The sea air brushed away a few of the mental cobwebs that always remained after rebirth, and I turned from the view of my beloved sea to glance at Stewart. He was looking distinctly uncomfortable, shifting restlessly from foot to foot. “What’s the matter with you?” I asked, feeling a momentary spike of concern. Stewart had been with me so many centuries, I couldn’t imagine how I would cope without him. Had someone wooed him away from my employment while I was gone?
“It’s Lady Fidencia.”
“What about her? Don’t tell me that she’s broken that thing we started a couple of years ago. What was it?”
“A credit limit?”
“Don’t tell me she blasted through that credit limit and bankrupted me again? I distinctly remember you telling me she couldn’t do that anymore.”
“No, sir, she has not exceeded the limit you put on her credit card—at least I don’t believe she has; I haven’t seen the statements for this month yet. It’s something of a different nature that I believe will interest you.”
I turned back to the sea, allowing its ebb and flow to soak into my soul. “I sincerely doubt that. Fidencia is so caught up in herself, she never has time for anyone else, let alone her lord and master. What’s she done now? Started another artists’ colony? Gone to those monks in Nepal to learn meditation again? Decided to breed more pygmy goats?”
“Alas, she hasn’t, sir. She’s…er…”
“Spit it out, man,” I told him, not taking my eyes from the breathtaking expanse before me. It amused me to try to find the point on the horizon where the steel gray of the sea merged into the gray of the sky.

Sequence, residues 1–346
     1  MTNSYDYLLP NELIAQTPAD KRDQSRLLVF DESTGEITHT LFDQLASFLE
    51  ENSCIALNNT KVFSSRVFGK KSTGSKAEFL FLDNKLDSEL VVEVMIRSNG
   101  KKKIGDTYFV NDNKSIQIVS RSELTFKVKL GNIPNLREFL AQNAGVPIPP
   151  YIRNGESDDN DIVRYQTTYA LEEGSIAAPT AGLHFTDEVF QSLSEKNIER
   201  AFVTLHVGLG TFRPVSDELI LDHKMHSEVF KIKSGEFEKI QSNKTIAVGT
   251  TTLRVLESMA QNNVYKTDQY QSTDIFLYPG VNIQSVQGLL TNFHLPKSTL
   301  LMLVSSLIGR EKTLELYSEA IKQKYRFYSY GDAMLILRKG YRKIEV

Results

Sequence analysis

“She’s gone to South America, married another god who is now a Brazilian salsa dancer, and is going to be expecting a Happy Event sometime in the near future,” he said in a rush.
My blood seemed to turn to fire in my veins. I turned slowly to look at the steward. He had backed away a few steps as if he was about to bolt. “She what?”
He jerked at the bellow, the birds above us scattering with harsh cries of protest. I was on him in two steps, the blood pounding so loudly in my ears that it blocked the sound of the sea. The pressure in my head built until it burst forth, another roar of anger sounding against the crash of the waves. “She married someone? She can’t marry someone, she’s supposed to marry me in a week! She’s gone and impregnated herself with some other man’s child? She can’t do that! I forbid her to be pregnant! I forbid her to be married!”
“You’re…strangling me…sir…” Stewart’s raspy voice pierced the roar in my ears. My eyes focused on his face, turning red as I held him by his neck two feet off the ground.